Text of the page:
Last Will and Testament: Instructions to the Executor

Last Will and Testament: Instructions to the Executor

A will is a document that entitles those named within the real property of the testator, the person signing the will.

A will is a document that entitles those named within the real property of the testator, the person signing the will. In certain cases, instructions are given to those left with the estate, the executors, to be followed through according to the wishes of the testator. One will, written by a man named John Bowman, had interesting, and rather amusing, instructions.

            John Bowman, a Vermont tanner, died in 1891. Before he died, however, he managed to write out his will, leaving his estate to his wife. His will also had very interesting instructions. The first instruction he left was that his trust fund was to be used in order to pay the servants. Secondly, he wished for his twenty-one room mansion to be cleaned and maintained, even after his death. Lastly, dinner was to be prepared every night, just in case he came back to life and wanted something to eat.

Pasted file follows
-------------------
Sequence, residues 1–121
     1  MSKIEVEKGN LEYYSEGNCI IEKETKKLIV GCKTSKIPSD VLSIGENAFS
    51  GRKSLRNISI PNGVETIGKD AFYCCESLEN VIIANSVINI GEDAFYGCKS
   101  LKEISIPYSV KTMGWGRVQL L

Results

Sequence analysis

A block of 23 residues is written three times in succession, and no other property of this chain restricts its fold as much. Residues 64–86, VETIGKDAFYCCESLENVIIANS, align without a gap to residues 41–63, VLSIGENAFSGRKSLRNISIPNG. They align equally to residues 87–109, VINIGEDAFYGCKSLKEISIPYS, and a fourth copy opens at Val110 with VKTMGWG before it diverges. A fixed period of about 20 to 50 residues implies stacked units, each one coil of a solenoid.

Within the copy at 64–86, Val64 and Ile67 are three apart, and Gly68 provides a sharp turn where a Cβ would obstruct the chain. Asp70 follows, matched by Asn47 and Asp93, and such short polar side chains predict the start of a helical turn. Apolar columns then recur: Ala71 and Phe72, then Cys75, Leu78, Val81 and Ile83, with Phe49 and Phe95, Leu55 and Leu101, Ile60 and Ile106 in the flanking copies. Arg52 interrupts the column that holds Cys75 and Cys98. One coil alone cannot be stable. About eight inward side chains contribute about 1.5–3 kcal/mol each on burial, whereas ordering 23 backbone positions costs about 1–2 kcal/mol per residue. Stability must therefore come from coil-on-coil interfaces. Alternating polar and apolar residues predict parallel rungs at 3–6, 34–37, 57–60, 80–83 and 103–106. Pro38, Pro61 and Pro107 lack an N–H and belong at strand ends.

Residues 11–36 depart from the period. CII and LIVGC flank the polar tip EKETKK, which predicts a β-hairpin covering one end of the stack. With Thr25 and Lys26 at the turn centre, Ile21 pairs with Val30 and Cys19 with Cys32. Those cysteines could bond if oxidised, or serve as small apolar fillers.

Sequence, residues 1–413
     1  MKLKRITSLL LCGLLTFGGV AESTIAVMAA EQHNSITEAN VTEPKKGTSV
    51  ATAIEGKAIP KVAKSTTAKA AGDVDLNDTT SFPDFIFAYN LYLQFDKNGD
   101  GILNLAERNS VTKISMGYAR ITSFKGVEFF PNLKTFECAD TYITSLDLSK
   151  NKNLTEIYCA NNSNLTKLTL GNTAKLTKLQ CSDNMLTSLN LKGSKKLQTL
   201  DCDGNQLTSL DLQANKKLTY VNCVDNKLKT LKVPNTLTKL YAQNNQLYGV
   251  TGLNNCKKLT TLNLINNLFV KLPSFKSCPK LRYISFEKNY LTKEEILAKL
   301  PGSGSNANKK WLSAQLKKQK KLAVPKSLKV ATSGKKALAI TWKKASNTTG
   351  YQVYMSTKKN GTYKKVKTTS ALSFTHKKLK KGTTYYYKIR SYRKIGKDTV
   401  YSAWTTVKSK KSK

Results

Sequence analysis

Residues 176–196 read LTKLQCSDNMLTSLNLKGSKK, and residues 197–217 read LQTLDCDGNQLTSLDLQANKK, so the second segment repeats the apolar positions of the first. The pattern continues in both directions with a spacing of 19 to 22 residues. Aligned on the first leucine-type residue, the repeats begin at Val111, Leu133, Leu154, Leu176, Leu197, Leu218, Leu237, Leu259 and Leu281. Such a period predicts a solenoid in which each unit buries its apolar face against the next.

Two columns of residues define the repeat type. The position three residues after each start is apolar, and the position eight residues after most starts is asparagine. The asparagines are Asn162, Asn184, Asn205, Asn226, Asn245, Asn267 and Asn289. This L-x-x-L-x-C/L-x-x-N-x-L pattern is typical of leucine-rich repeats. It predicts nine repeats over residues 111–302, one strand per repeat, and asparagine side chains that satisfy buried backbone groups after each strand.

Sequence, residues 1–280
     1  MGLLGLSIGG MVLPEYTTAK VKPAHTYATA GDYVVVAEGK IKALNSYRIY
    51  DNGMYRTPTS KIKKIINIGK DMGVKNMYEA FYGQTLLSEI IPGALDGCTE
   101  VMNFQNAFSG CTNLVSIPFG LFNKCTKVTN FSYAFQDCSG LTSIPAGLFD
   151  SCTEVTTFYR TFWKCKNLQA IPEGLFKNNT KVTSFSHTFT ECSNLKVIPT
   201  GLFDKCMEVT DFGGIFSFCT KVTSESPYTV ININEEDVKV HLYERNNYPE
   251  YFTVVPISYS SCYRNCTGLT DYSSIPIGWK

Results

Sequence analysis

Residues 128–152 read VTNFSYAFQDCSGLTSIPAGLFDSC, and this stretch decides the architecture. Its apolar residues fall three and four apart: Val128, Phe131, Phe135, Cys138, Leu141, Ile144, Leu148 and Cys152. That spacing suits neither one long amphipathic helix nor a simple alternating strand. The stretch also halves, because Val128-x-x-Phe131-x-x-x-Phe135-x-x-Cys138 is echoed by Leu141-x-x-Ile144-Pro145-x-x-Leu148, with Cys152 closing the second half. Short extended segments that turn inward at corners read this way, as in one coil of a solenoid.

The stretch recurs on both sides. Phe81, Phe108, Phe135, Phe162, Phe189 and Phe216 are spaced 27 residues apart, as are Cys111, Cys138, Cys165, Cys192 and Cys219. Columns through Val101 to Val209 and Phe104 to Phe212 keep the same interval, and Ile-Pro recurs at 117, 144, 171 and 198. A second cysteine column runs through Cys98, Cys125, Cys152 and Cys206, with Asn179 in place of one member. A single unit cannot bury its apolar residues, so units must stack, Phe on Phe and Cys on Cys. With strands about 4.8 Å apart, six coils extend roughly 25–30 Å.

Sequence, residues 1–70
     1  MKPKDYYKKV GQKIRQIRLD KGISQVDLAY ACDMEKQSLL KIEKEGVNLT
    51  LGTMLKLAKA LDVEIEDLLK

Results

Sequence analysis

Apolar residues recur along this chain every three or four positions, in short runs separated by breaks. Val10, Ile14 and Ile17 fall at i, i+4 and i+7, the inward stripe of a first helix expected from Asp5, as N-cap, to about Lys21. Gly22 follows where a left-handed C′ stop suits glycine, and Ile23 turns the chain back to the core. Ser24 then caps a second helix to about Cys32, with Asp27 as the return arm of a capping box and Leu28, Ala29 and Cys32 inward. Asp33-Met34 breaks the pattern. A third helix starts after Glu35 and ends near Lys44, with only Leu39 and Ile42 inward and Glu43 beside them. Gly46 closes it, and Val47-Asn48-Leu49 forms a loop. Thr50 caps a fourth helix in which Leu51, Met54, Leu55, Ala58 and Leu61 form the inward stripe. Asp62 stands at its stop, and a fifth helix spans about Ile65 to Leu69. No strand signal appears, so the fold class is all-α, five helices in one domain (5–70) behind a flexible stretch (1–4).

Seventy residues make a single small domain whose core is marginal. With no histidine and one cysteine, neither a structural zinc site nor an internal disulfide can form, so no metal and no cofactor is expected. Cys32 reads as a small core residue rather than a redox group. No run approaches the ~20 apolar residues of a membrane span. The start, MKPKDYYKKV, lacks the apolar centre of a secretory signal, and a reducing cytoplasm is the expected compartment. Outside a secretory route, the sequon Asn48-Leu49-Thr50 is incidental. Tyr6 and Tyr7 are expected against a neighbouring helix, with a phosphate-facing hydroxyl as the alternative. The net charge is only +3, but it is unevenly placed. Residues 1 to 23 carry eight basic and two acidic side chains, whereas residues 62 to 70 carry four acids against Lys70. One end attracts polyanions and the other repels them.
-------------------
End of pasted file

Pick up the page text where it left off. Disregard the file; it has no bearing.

In modern times, the executor’s responsibility to carry out instructions left in wills may vary depending on state regulations and the capacity to carry them out. In John Bowman’s case, his wishes were carried out until 1950, when the money in his trust was finally depleted. Commonly, instructions within the will are left to indicate how one wishes to be buried or what funeral services they wish to receive and do not include paying servants to maintain an empty mansion on the off chance one might come back to life.

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